California swimming pools and spas built or remodeled starting in 2018 must have a second safety feature to protect children from drowning.
That’s the main requirement in a new law that takes effect on Jan. 1, 2018, and aims to boost safety.
Safety features that comply with the new law, as outlined in Senate Bill 442:
- An enclosure that meets the requirements of Section 115923 and isolates the swimming pool or spa from the private single-family home.
- Removable mesh fencing that meets American Society for Testing and Materials (ASTM) Specifications F2286 standards in conjunction with a gate that is self-closing and self-latching and can accommodate a key lockable device.
- An approved safety pool cover, as defined in subdivision (d) of Section 115921.
- Exit alarms on the private single-family home’s doors that provide direct access to the swimming pool or spa. The exit alarm may cause either an alarm noise or a verbal warning, such as a repeating notification that “the door to the pool is open.”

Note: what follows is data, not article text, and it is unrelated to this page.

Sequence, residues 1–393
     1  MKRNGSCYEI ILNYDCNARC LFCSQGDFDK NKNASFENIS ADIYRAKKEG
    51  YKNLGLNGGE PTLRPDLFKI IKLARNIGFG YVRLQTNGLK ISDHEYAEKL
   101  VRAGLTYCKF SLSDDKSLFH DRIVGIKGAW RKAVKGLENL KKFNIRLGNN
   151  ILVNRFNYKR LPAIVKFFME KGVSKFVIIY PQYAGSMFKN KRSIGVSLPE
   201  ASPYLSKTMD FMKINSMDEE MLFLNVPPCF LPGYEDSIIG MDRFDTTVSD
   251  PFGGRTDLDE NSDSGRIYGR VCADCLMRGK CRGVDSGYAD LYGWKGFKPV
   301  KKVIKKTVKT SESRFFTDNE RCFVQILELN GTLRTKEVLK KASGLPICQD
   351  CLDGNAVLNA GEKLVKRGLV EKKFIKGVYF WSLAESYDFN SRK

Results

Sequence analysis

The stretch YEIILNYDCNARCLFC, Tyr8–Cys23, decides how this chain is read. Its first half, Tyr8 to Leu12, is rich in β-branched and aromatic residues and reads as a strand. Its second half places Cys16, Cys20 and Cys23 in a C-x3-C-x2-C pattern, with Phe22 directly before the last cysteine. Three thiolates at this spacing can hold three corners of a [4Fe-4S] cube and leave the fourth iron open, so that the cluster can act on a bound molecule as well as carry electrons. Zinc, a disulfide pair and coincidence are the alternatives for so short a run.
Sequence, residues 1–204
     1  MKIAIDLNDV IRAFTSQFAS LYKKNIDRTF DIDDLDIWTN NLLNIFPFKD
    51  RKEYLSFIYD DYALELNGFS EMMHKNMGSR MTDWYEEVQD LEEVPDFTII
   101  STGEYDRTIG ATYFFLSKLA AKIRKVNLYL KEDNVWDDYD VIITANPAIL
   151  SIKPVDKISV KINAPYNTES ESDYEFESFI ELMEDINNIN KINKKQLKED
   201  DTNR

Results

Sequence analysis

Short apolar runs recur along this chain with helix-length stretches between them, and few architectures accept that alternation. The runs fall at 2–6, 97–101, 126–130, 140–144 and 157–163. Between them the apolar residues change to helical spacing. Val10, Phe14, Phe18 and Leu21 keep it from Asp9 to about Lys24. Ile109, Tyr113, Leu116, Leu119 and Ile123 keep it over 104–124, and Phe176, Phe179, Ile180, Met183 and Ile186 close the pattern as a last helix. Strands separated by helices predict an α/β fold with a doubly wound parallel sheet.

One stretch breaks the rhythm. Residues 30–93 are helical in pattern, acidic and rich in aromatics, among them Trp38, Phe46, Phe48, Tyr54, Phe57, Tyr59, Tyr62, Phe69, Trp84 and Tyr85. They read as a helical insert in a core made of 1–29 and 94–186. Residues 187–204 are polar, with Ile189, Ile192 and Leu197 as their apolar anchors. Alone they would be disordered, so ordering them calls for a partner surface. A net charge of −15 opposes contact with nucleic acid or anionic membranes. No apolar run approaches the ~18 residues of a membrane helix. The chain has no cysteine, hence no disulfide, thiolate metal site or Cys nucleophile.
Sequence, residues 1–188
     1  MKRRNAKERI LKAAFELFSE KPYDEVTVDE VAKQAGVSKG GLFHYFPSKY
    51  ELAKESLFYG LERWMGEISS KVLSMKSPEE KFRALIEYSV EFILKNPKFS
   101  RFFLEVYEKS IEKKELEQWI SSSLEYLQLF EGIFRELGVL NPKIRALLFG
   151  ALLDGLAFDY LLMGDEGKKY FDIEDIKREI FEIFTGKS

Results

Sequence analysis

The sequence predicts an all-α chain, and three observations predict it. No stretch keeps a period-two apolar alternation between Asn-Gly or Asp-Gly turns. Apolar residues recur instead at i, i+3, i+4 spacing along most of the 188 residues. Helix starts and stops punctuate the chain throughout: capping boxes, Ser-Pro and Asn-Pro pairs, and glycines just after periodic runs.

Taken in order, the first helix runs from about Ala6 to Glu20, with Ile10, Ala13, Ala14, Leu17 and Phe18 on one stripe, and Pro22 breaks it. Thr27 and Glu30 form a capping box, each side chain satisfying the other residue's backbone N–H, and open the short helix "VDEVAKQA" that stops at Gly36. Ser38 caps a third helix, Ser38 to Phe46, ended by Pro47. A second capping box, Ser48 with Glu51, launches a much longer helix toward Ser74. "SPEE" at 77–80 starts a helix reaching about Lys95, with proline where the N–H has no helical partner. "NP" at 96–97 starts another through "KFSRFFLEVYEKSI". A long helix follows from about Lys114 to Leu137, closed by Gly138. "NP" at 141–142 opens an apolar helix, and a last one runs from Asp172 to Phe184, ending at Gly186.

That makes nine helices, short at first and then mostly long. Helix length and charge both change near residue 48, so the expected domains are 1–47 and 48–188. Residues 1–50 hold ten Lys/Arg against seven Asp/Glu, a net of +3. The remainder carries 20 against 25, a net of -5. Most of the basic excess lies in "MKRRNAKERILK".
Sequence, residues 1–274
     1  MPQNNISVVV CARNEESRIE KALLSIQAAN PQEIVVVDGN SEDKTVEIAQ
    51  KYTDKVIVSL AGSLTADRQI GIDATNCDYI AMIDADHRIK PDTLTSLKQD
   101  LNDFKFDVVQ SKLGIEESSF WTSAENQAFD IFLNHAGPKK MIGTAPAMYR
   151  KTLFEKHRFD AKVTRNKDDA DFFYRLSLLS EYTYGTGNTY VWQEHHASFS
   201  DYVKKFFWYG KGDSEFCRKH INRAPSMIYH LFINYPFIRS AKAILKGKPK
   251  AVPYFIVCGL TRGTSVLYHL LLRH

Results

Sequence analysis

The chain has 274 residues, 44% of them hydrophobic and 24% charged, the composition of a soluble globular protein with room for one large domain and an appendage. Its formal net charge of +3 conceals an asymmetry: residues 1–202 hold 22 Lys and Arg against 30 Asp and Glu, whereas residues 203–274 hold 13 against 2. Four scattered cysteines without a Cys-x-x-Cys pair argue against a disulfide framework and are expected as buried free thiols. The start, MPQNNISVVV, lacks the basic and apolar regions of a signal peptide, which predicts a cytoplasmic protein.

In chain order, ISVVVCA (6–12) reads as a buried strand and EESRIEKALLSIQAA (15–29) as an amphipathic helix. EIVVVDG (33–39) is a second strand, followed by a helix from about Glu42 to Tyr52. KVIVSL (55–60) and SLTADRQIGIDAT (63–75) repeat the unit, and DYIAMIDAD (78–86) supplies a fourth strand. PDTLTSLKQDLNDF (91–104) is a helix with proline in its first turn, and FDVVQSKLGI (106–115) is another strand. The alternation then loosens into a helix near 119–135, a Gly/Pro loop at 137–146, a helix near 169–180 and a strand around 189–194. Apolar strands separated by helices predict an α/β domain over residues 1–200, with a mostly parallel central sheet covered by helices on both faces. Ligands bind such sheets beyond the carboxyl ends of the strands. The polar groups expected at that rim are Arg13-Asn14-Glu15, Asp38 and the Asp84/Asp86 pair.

- A self-closing, self-latching device with a release mechanism placed no lower than 54 inches above the floor on the private single-family home’s doors providing direct access to the swimming pool or spa.
- An alarm that, when placed in a swimming pool or spa, will sound upon detection of accidental or unauthorized entrance into the water. The alarm shall meet and be independently certified to the ASTM Standard F2208 “Standard Safety Specification for Residential Pool Alarms,” which includes surface motion, pressure, sonar, laser, and infrared type alarms. A swimming protection alarm feature designed for individual use, including an alarm attached to a child that sounds when the child exceeds a certain distance or becomes submerged in water, is not a qualifying drowning prevention safety feature.
- Other means of protection, if the degree of protection afforded is equal to or greater than that afforded by any of the features set forth above and has been independently verified by an approved testing laboratory as meeting standards for those features established by the ASTM or the American Society of Mechanical Engineers (ASME).
Full article by Chris Nichols here: Law Expands Safety Requirements